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A Recovering Addict's View of Addiction by: Kimberly Sprintz



While writing my weekly discussion post for my graduate studies, I realized what I was sharing relates directly to my recovery. I am in graduate school for Addiction and Trauma at the moment, and the core purpose of my education and, consequently, this group is to provide access to valuable information, resources, and support at no cost to the public, specifically for women. I trust this will inspire hope to those who need it. - In Service, Kimberly (CoDA, ACA, AA, NA, CA)

           

I first must disclose that I have been a recovering alcoholic and addict since 2015; this influences my lens and how I view the topic of addiction. In my experience, research, and training, addiction is a disease of the brain. It is also my understanding that the disease has biopsychosocial variables, which perpetuate, hinder, predispose, and complicate finding a way to “cure” the disease (Satel & Lilienfeld, 2017; Volkow et al., 2016). I have a genetic predisposition for addiction, suffered significant abuse and trauma since childhood, and exemplify that there is much more than one factor to this paradox.

I do not belong to the group that claims addiction, in all cases, can be cured. Addiction is much like other chronic diseases that cannot be cured because the cues for the activation of the behavior are dormant under the surface. I leave room for science to continue isolating solutions. It is well-researched that the brain can heal through neuroplasticity, yet some individuals on specific forms of substances have irreparable brain damage and thus cannot heal (Volkow et al., 2016). I belong to my recovery groups, which value honesty and candor without giving false hope.

I believe in science, which is always in constant evolution and opens doors to new views, theories, and medication, which helps us make progress both in medical and behavioral health. I believe in a systems approach to counseling that requires us to realize that no individual or problem occurs in a bubble; it is far too large a world for that to be true and is another variable that reduces the validity of our research since replicable studies are complicated (Satel & Lilienfeld, 2017).

What I know is that addiction is a disease that can convince the most articulate, well-educated, and rational person that they do not have it (Doctoroff Media Group, 1998; Volkow et al., 2016). I know that for some people, addiction is a cyclical pattern of relapsing akin to a volatile sea with waves calming only temporarily. I have lost countless friends, my father, grandfather, uncle, and nearly myself, my sons, and my husband. I hear “rock bottom,” and that has different meanings for every addict in recovery, so please consider that you may be incapable of fathoming the depths of a person's bottom. I can say with certainty that the disease, disorder, or whatever you feel is best to describe it does not care about the name you give it, what you think you can do to stop it, how strong you believe you are, or if you believe in it or not.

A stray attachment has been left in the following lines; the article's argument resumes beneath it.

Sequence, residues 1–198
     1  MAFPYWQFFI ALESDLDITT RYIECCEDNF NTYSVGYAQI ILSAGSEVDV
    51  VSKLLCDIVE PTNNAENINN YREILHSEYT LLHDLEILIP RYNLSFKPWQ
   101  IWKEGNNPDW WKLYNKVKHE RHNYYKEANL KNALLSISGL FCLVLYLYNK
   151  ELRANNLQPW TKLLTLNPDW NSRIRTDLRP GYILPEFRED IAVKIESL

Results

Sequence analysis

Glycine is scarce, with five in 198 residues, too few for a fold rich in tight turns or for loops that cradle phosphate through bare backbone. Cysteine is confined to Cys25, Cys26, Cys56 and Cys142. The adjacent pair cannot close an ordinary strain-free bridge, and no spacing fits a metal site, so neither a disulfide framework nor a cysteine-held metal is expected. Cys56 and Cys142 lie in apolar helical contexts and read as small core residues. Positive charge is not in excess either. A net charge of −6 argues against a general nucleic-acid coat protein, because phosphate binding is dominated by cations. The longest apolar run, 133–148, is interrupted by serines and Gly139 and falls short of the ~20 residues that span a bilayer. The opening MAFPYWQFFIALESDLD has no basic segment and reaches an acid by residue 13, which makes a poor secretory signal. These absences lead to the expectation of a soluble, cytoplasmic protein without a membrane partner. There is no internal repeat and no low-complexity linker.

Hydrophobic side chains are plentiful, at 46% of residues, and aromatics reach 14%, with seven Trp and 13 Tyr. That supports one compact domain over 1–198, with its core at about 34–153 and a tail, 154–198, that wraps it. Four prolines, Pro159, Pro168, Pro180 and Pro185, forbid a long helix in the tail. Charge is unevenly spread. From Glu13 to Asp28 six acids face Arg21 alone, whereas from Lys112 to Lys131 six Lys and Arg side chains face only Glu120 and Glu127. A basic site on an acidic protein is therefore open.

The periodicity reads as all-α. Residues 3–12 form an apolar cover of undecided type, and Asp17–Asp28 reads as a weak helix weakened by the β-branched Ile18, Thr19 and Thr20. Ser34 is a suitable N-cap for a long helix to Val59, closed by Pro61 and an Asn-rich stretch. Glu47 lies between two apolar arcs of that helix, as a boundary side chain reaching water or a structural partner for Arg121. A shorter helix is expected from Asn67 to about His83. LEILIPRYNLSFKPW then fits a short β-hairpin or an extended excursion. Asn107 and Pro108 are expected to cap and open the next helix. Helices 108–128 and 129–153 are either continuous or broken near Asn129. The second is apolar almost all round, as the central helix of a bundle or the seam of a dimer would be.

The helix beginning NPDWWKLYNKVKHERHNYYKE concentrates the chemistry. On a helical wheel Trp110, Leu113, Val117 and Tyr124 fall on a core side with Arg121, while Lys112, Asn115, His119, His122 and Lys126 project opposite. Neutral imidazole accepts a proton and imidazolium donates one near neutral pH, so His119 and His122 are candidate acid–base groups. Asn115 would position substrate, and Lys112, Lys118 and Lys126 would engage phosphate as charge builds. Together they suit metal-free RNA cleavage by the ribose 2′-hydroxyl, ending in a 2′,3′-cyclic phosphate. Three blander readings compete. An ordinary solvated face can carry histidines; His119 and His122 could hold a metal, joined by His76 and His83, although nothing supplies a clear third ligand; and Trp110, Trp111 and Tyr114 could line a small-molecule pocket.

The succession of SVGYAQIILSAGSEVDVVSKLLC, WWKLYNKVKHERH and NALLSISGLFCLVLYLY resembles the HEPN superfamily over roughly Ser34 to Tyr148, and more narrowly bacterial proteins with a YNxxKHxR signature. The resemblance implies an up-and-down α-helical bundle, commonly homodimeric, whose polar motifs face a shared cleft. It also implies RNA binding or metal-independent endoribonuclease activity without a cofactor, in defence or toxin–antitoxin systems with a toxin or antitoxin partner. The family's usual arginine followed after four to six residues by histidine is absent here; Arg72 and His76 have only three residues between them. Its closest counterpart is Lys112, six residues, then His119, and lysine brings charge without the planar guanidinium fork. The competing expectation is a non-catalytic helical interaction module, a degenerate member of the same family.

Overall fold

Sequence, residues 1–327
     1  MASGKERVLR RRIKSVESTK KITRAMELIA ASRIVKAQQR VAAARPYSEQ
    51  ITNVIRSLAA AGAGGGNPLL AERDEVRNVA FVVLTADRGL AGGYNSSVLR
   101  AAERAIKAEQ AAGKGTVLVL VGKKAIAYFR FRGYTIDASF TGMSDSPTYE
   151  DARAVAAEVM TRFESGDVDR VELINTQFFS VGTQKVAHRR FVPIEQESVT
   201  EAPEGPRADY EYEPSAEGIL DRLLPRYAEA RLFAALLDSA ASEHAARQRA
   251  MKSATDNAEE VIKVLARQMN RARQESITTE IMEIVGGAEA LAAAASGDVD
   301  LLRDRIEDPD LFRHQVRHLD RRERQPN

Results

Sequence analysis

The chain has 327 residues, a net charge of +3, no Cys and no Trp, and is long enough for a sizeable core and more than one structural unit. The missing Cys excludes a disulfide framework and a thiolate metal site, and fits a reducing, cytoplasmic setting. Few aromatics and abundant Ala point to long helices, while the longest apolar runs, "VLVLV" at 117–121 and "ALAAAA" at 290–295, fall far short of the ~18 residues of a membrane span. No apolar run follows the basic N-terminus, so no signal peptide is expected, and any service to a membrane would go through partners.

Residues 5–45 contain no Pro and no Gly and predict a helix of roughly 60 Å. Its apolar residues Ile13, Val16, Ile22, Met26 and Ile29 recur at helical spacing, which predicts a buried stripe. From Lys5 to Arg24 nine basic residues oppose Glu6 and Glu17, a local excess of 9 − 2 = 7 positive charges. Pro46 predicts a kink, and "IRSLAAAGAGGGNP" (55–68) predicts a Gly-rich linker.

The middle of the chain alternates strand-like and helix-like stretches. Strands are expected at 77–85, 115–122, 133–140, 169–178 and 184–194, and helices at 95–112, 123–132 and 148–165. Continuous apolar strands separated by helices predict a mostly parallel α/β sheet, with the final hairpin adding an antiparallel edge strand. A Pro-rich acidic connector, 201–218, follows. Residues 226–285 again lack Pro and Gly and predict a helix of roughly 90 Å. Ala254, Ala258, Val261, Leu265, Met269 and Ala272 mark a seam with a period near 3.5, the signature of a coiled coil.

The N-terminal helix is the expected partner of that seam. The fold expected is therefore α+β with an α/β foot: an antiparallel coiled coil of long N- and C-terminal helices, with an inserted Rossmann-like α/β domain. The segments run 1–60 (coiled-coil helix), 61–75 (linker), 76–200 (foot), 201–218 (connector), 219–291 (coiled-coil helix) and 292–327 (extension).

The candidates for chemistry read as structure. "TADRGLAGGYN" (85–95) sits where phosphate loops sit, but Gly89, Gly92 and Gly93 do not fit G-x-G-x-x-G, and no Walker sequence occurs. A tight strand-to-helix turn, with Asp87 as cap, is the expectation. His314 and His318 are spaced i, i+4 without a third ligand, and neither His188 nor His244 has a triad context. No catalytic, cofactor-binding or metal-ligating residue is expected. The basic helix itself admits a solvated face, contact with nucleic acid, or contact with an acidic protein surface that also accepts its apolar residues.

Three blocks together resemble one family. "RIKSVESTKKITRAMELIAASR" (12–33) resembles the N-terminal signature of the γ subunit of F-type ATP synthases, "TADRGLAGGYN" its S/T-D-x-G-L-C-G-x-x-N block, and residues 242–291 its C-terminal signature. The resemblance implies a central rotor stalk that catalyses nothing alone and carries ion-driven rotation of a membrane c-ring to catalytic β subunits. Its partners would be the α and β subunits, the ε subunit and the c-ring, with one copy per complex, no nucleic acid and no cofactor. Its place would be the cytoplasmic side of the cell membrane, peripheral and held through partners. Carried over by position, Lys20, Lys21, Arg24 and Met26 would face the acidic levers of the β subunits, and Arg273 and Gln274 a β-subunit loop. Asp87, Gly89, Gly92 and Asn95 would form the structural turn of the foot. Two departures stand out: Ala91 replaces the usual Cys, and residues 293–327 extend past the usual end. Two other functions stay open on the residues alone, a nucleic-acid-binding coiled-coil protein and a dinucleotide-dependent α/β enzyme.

Addiction exists in a spectrum, and early interventions can save lives; predictive analytics and technology from gene sequencing to AI are moving rapidly to assist in mitigating the catastrophic damage it can and will continue to cause (National Institute on Drug Abuse, 2023). Addiction is hell in your body, your brain, in your life, and in the lives of those who love you (Droege et al., 2015). I hope that we all can find compassion and gain awareness using trauma-informed approaches so we leave space for healing rather than using an egoically supported perspective that further perpetuates this universal disease. Counselors are vital in offering hope to those who need it and may think all hope is lost (Furr et al., 2015).

 

In Service with Gratitude,

Kimberly Sprintz, Director & Founder

Women Empowering Women Support Groups


References

Doctoroff Media Group. (1998). Portrait of addiction [Video]. Films on Demand. https://fod-infobase-com.library.capella.edu/p_ViewVideo.aspx?xtid=7680

Droege, J. R., Stevens, E. B., & Jason, L. A. (2015). Children’s impact on adult’s substance use problem awareness and treatment optimism: The role of harm. Journal of Drug Education: Substance Use Research and Prevention, 45(3-4). https://doi.org/10.1177/0047237915612172

Furr, S. R., Johnson, W. D., & Goodall, C. S. (2015). Grief and recovery: The prevalence of grief and loss in substance abuse treatment. Journal of Addictions and Offender Counseling, Vol. 36. https://doi.org/10.1002/j.2161-1874.2015.00034.x

National Institute on Drug Abuse. (2023). New NIH study reveals shared genetic markers underlying substance use disorders. https://nida.nih.gov/news-events/news-releases/2023/03/new-nih-study-reveals-shared-genetic-markers-underlying-substance-use-disorders

Satel, S. L., & Lilienfeld, S. O. (2017). If addiction is not best conceptualized as a brain disease, then what kind of disease is it? Neuroethics, 10(1), 19–24. https://doi.org/10.1007/s12152-016-9287-2

Volkow, N. D., Koob, G. F., & Thomas, M. A. (2016). Neurobiologic advances from the brain disease model of addiction. The New England Journal of Medicine, 374(4), 363–371. https://doi.org/10.1056/NEJMra1511

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fairsworld
fairsworld
May 01

Thank you for sharing my friend. I love you!

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